Geometric analysis bridges the areas of differential geometry and differential equations, bringing to bear the most powerful tools of each to tackle seemingly-intractable problems in the other. On the differential equations side, for instance, the specific geometry of a space can provide enough constraints to make it reasonable to even ask for a solution to a partial differential equation. In the realm of geometry, by studying certain partial differential equations associated to a space, we can gain deep topological insights. In my research I follow this later perspective, employing geometric analysis techniques to develop generalizations of symplectic geometry, such as b-symplectic (log-symplectic) structures. Often times my results link many a priori unrelated areas of mathematics - such as contact and Poisson geometry - in new and exciting ways.
A User-Friendly Look at My Research
Symplectic geometry tackles fundamental questions for conservation laws and the generalized "motions" they permit. Joseph-Louis Lagrange introduced this geometry in 1808 to understand slow variations of the orbits of the planets in the solar system. He showed that symplectic geometry is the fundamental ingredient in a mathematical formulation of any scenario in mechanics, scenarios such as a swinging pendulum or a spinning top. Unfortunately, this geometry can not model scenarios with external forces that evolve through time, for instance a swinging pendulum in shifting winds or a spinning top on a moving train. In my research, I build a more general version of symplectic geometry that is adapted to tackle these scenarios.
A symplectic structure can perform a wide variety of geometric tasks, such as computing the volume of an object. For the purpose of developing intuition, we will limit our scope to thinking of a symplectic structure as a sensor on a space. It is an operation that inputs a function and outputs the direction where the function does not change.
For example, if we input the function that tells us the temperature at every point in the United States, a symplectic structure will output the heat map that you typically see in your daily newspaper. A symplectic structure conveys where a quantity, temperature in the case above, is conserved, i.e., stays the same. Thus symplectic structures are especially vital in physics because they relay where energy is conserved in a system such as the swinging pendulum.
However, there are times we come across a structure that is mostly symplectic, but has degeneracy or places where the sensor is out. We can think of a symplectic structure on a space as an apple with a shiny bright, unblemished red facade. A bruise or dent on the skin of a fruit represents places where the structure is not symplectic, that is the sensor is out. These more general structures are called Poisson structures - named after Simeon Poisson, not fish - and they provide a mathematical formulation for the situation of a pendulum swinging in the wind or a top spinning on a train.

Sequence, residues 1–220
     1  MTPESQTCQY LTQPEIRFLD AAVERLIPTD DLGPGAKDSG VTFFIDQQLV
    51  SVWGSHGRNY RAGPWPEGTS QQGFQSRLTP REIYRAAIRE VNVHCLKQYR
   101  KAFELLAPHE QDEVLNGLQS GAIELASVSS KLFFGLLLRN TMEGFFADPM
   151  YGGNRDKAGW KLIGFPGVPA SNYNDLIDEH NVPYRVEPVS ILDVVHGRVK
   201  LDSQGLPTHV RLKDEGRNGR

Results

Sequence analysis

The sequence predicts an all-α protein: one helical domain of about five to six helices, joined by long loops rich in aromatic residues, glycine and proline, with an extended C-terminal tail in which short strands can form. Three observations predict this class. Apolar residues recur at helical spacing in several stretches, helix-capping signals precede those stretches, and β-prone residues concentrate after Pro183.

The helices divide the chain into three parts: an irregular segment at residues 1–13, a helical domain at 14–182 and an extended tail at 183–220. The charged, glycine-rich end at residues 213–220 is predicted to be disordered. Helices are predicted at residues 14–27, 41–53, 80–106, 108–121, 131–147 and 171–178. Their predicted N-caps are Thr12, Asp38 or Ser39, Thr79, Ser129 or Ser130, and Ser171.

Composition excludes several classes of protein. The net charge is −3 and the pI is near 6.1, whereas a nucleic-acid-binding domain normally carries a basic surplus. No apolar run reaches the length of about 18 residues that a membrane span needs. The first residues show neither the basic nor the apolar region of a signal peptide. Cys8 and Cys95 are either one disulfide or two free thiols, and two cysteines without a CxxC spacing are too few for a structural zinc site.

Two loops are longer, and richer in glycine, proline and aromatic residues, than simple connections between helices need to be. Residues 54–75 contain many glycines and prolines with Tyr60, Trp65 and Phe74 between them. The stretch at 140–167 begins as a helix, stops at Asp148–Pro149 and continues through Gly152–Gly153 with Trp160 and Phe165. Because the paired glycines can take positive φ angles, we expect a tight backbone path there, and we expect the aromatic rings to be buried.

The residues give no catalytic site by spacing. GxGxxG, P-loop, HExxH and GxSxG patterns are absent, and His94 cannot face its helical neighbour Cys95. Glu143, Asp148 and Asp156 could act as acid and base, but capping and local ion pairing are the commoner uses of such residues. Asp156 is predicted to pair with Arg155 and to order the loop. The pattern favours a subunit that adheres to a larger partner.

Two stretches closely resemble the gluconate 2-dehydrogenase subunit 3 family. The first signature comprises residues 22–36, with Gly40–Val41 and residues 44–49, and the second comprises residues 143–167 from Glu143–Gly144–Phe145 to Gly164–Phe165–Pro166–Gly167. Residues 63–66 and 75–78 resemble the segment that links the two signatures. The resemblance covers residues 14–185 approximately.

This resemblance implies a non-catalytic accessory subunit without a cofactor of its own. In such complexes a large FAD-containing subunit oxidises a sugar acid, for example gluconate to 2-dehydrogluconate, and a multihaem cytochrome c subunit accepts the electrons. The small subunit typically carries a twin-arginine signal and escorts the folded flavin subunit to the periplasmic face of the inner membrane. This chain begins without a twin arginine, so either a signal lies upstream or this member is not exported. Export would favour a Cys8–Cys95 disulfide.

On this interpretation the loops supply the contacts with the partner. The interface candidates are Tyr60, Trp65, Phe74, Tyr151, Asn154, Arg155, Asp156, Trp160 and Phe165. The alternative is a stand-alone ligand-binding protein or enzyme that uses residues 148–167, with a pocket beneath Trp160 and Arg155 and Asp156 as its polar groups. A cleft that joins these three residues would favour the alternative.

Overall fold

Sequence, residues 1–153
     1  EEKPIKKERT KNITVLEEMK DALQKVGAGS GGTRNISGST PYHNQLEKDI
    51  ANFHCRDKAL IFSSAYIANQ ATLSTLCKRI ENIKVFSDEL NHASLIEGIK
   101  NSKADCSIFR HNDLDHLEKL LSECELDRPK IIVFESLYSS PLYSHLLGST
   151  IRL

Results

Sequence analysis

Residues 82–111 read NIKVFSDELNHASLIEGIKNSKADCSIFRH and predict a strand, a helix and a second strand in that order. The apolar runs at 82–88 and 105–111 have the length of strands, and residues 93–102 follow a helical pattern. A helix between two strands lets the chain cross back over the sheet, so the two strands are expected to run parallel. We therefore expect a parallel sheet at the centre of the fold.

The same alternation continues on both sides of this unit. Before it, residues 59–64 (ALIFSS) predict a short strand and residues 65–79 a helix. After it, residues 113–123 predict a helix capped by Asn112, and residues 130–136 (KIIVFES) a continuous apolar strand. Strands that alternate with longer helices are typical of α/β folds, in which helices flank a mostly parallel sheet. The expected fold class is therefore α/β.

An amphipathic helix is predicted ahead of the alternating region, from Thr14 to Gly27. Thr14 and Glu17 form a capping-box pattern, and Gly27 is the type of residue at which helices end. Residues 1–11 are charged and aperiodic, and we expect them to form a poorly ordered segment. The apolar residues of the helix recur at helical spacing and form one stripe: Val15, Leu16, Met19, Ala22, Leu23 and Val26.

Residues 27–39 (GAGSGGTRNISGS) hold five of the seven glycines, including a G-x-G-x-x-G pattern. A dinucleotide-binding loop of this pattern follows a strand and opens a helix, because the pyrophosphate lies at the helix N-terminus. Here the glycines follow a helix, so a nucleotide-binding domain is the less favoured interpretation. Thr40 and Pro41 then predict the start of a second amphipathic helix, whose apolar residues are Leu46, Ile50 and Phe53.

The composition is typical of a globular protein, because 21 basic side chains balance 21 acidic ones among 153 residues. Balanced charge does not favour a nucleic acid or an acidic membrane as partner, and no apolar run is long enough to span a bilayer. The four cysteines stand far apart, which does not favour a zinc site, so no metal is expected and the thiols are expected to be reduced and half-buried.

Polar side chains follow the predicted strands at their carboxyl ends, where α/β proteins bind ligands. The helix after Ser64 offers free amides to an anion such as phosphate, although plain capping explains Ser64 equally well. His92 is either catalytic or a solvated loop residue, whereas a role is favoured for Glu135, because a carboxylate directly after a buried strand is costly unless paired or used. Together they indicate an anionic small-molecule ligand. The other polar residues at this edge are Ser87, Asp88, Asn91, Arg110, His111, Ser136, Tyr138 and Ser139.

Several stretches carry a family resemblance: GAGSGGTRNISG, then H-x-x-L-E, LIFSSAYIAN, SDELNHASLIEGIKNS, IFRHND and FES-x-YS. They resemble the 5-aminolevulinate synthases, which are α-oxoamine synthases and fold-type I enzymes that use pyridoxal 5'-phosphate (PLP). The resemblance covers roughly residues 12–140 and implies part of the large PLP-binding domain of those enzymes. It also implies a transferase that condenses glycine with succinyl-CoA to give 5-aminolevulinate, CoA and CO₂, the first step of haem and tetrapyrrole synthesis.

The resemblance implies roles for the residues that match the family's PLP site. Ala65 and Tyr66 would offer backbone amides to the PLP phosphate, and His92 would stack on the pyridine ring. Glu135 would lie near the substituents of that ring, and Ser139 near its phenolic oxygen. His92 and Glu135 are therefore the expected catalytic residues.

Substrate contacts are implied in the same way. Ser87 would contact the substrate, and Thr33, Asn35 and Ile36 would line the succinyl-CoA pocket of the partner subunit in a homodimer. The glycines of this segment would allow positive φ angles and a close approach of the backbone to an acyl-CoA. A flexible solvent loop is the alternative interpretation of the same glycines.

In my thesis research I focus on minimally degenerate Poisson structures (a mildly bruised fruit).
Goal: Build symplectic machinery in minimally degenerate Poisson settings.
The machinery I develop permits a powerful shift of Poisson problems to the symplectic setting where we can use symplectic tools:
Poisson cohomology. I have spent much of time computing an invariant of a Poisson manifold called Poisson cohomology. Each degree n cohomology group that we associate to a Poisson manifold M has an interpretation analogous to the way we say "the nth singular cohomology group counts the number of n-dimensional holes in a manifold". We interpret the second poisson cohomology as the quotient of the space of all possible infinitesimal deformations of our Poisson structure by the space of trivial deformations. In other words, this cohomology is supposed to count the number of Poisson structures nearby that are actually different from our original structure. Accordingly, this invariant has the potential to tell us a lot about our Poisson structure, particularly about local normal forms.
Contact structures. Further, I can use my machinery to understand subtle nuances in the geometry that other mathematicians were not able to see before. One class of Poisson manifold I study are called scattering-symplectic. At the degeneracy locus of the Poisson structure, these spaces inherit what is called a contact structure. Analogous to a symplectic structure's key role in modeling situations, a contact structure has broad applications. For example, in physics it is used to model and understand how rays of light bend.
symmetry, simplicity, and generality,
and an indefinable sense
of the fitness of things,
creative mathematicians now,
as in the past,
are inspired by
the art of mathematics
rather than by any prospect
of ultimate usefulness.